“I am confident that we can reach an agreement to avert any escalation of violence,” Martin Griffiths, the UN Secretary-General’s Special Envoy for Yemen said, according to a statement issued in Amman to the media.
Fighting between Houthi rebels who control the city, and government forces backed by a Saudi-led military coalition, has put lives of hundreds of thousands of civilians there at risk.
Martin Griffiths was in the Yemeni capital, Sana’a, at the weekend, for talks to try and resolve the crisis.
“My priority now is to avoid a military confrontation in (Hodeida) and to swiftly return to political negotiations,” he said, according to the statement.
The envoy said he was encouraged by the “constructive engagement of the Ansar Allah leadership”, referring to the official name of the Houthis.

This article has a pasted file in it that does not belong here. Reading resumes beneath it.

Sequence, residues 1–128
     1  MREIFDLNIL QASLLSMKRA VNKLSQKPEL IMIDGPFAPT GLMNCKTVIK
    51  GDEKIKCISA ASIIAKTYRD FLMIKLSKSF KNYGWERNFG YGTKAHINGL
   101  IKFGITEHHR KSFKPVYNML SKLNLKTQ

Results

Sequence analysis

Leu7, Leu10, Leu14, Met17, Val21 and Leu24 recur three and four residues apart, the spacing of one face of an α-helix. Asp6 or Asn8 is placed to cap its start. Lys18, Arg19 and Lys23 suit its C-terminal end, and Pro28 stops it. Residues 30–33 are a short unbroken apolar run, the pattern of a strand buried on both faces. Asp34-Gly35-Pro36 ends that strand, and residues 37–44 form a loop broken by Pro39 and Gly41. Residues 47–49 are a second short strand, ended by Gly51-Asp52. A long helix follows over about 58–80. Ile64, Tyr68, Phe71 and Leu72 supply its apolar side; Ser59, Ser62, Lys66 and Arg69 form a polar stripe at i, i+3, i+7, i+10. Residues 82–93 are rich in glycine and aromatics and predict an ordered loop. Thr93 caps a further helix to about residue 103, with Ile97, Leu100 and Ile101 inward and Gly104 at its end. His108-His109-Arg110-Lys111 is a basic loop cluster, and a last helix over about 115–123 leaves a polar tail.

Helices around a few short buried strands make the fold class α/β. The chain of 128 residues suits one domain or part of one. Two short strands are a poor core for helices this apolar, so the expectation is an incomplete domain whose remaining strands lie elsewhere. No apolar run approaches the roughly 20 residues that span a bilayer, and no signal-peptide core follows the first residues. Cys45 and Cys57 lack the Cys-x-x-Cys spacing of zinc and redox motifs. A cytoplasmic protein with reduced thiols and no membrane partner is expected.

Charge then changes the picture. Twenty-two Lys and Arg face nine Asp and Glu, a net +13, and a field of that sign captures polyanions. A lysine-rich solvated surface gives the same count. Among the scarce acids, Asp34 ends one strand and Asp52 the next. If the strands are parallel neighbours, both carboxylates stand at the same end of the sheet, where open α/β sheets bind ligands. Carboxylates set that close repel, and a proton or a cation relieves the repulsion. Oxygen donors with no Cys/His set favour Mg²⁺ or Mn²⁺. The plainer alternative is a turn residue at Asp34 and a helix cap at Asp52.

He also looked forward to upcoming meetings with the country’s President and Government of Yemen, based in the south of country.
Meanwhile, aid workers continue to mobilize to support residents of the city. Lise Grande, UN Humanitarian Coordinator in Yemen, said they have been off-loading food at the port and rushing in emergency stocks.
Partners have also been distributing food boxes and emergency kits to displaced families, among other measures. Conditions in Hodeida were already among the worst in the country, even before the fighting began, according to Ms. Grande.
She reported that one quarter of children there are suffering from acute malnutrition, while the city was an epicenter of last year’s deadly cholera outbreak, among the worst in recent history. “Of all the things we are worried about, cholera is top of the list,” she added.
“It wouldn’t take much to start an unstoppable outbreak. If the water system in just one neighborhood breaks down, and if nothing can be done to immediately address the situation, cholera could spread with lightning speed.”